Music, theater classes get ready to go under the big tent


Music and theater classes and performance groups will be perfecting their art on the Cathedral of Learning lawn next to Fifth Avenue this year — using a big tent to be inside with as many outside features as possible.

The tent has a stage for the theater students as well as a PA system and electric piano for music groups; it may even have a Flex@Pitt computer set-up to allow some students to Zoom in for classes, said Department of Music head Mathew Rosenblum.

Most importantly, although the tent has its own ventilation system, the ceiling is high and the sides roll up, allowing for proper air circulation while choral groups perform, he said. Concerns were raised about singing group early in the pandemic after a church-choir practice led to an outbreak of COVID-19.

Under the roof of Pitt’s tent, three vocal ensemble classes — Heinz Chapel choir, men’s glee club and women’s choral ensemble, each with 30 to 50 students — as well as the bluegrass ensemble, an instrumental group in its second year, will practice.

Using American Choral Directors’ Association guidelines, each performer will maintain a 10-foot radius from each other, all singing through masks and facing in the same direction. They’ll be asked to wipe down music stands and chairs before and after each use and will be afforded 20-minute breaks between 30-minute singing sessions.

“It’s the best we can do and the safest way to go, based on the research,” Rosenblum said.

The bluegrass ensemble neither sings nor uses wind instruments, which require their own anti-COVID-19 modifications, he said. Some brass can get by with just a covering over the bell while the player wears a mask with a slit for the mouthpiece, but some woodwinds, such as a clarinet, require a bag to be placed over them to capture breath leaking from the finger holes. For those classes, a large space in the basement of the University Club has been secured for 10 or fewer instrumental players to spread out during a practice.

Not every choral class will be in the tent — some will still be remote, he said. But his department has purchased hundreds of computer-compatible microphones for ensembles and students taking private lessons.

Choral ensemble directors recently had the chance to walk through the tent and try out the equipment before they have their first rehearsal. While the music department has already received and approved the first choral group request to use the tent for classes, chair Annmarie Duggan in Theatre Arts says she is still awaiting further word from the administration before her department can definitely plan to employ the tent.

Duggan has what may be an even more complicated task — trying to bring tech courses and movement and voice classes to students who can’t get near each other to construct and shift scenery, let alone act together.

The fall production — the musical “Miss You Like Hell,” about a mother-daughter cross-country trip — has a relatively small cast, but figuring out how to rehearse and perform it has been a production in itself. “We’re still working through” the safety protocols, Duggan said.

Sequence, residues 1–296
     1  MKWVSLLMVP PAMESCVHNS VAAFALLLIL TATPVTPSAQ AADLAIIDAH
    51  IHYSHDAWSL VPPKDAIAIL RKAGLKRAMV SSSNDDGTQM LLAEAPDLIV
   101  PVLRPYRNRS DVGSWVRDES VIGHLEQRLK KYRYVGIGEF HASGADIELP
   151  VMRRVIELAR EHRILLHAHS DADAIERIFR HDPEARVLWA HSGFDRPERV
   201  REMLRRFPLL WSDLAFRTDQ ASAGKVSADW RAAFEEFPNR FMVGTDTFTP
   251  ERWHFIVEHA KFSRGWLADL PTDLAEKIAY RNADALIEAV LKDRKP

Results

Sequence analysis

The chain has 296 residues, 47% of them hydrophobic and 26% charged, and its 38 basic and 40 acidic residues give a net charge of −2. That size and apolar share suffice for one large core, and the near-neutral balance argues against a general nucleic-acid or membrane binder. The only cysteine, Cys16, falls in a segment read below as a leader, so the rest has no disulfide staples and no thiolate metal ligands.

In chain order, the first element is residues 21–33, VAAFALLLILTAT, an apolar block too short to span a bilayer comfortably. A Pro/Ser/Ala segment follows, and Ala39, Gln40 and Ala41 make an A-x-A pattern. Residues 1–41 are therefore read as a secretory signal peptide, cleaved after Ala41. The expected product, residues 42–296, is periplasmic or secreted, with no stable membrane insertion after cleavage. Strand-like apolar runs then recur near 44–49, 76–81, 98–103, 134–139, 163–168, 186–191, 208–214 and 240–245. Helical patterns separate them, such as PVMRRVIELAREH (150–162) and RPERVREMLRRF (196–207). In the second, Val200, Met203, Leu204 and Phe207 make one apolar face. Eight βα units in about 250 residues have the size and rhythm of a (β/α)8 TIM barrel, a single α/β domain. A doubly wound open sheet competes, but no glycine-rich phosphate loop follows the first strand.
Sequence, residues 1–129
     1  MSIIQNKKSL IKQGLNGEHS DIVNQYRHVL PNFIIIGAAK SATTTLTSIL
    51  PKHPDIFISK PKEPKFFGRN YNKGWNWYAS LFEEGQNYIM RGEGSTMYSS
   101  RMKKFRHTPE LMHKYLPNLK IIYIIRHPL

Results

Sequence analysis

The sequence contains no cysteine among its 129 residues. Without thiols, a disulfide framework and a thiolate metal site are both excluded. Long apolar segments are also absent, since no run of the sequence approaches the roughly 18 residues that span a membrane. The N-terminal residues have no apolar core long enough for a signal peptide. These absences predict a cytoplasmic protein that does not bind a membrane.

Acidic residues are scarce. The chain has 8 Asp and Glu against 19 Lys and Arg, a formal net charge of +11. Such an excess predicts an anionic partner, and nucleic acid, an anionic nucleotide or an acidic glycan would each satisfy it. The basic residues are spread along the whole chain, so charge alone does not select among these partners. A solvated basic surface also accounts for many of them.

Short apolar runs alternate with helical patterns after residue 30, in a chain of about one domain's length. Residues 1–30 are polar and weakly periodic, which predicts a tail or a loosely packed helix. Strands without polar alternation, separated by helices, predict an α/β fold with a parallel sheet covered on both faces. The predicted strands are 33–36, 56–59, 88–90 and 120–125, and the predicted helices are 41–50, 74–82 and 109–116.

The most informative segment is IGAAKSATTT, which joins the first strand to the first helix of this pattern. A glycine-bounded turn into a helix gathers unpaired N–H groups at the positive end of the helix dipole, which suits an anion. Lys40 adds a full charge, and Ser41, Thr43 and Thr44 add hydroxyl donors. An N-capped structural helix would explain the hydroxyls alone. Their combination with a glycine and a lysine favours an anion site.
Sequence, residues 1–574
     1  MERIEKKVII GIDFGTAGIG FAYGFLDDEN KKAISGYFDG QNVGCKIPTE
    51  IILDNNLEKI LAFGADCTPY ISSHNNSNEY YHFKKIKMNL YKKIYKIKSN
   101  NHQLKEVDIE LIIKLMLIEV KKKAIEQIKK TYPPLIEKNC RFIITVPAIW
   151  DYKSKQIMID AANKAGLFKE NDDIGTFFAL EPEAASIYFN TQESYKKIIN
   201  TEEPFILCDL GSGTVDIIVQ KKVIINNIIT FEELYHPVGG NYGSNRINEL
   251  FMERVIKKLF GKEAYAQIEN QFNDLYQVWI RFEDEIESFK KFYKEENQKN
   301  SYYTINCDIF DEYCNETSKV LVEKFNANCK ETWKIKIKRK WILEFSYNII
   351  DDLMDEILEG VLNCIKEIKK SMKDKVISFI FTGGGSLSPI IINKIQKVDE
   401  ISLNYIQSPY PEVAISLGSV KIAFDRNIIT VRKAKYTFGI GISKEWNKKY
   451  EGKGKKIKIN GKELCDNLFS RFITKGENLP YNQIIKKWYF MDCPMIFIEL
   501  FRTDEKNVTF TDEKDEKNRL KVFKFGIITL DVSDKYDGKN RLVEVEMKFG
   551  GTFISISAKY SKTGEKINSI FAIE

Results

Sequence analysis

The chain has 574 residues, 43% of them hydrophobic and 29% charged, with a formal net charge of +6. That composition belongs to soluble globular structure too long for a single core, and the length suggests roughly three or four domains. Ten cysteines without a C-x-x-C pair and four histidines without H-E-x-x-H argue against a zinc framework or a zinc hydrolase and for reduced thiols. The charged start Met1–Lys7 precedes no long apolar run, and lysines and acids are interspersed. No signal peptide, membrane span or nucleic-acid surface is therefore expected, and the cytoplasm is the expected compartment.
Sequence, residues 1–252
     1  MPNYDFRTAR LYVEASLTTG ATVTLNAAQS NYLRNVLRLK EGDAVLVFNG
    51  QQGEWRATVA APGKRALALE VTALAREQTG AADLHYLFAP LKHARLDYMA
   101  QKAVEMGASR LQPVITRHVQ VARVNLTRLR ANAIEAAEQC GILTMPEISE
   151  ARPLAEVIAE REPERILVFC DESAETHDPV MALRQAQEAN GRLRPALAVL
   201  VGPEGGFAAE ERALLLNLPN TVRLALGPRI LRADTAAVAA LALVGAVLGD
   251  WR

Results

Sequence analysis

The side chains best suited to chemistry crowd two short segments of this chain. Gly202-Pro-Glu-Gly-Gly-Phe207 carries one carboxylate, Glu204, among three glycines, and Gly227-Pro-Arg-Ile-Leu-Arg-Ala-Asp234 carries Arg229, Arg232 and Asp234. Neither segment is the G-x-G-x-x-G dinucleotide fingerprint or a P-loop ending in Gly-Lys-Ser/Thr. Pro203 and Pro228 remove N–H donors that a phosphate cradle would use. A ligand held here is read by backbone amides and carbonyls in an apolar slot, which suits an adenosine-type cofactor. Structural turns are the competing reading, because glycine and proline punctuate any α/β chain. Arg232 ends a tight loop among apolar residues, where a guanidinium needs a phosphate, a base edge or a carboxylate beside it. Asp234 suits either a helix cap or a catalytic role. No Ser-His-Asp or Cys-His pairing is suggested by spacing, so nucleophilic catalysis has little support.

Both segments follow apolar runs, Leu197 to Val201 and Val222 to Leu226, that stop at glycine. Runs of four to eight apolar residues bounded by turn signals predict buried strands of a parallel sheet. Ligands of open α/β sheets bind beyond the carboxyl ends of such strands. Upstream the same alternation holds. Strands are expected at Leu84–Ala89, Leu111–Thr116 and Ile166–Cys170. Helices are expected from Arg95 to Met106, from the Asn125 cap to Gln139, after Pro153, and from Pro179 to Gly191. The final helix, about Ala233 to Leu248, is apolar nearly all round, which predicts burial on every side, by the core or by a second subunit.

Zoom doesn’t allow groups to practice singing together, since it is designed to feature one speaker at a time and effectively mute the rest. Learning parts in this musical will involve an instructor playing the music and each performer recording his or her part, which they can then review with the instructor one at a time.

Since no audience can see a live performance, instructors will need to film the actors at some distance from each other, with plexiglass between them, and then edit their performances together. For further safety, they plan to film scenes out of order — as film actors often do — to minimize and consolidate the times when certain actors and crew members need to be on hand. The end product will be streamed for viewing, Duggan said.

The tech crews who design and paint scenery will need to create it so that individuals, rather than teams, can decorate and haul each piece around.

“In hanging lighting, you’re climbing a ladder, and someone is handing lights to you,” normally, Duggan said. Not this year. “It’s been a big jigsaw puzzle for us in how we’re going to move this show forward.”

In the tent, “there’s a lot of potential for classes but we haven’t gotten there yet” — at least as of last week, she said. Voice and movement classes may fit in the tent, as well as tech classes and maybe even stage management, although some theater arts shops have been approved for student use. The department also may hold small cabarets in the tent, she says.

 “We want to make sure we’re meeting absolutely every protocol to keep the students safe,” Duggan said. “We’re ready. We’re excited that it is there,” she said of the tent. If the University advances to the less-restrictive “guarded” status, she said, “I think that the tent will be full every single minute.”

Marty Levine is a staff writer for the University Times. Reach him at or 412-758-4859.


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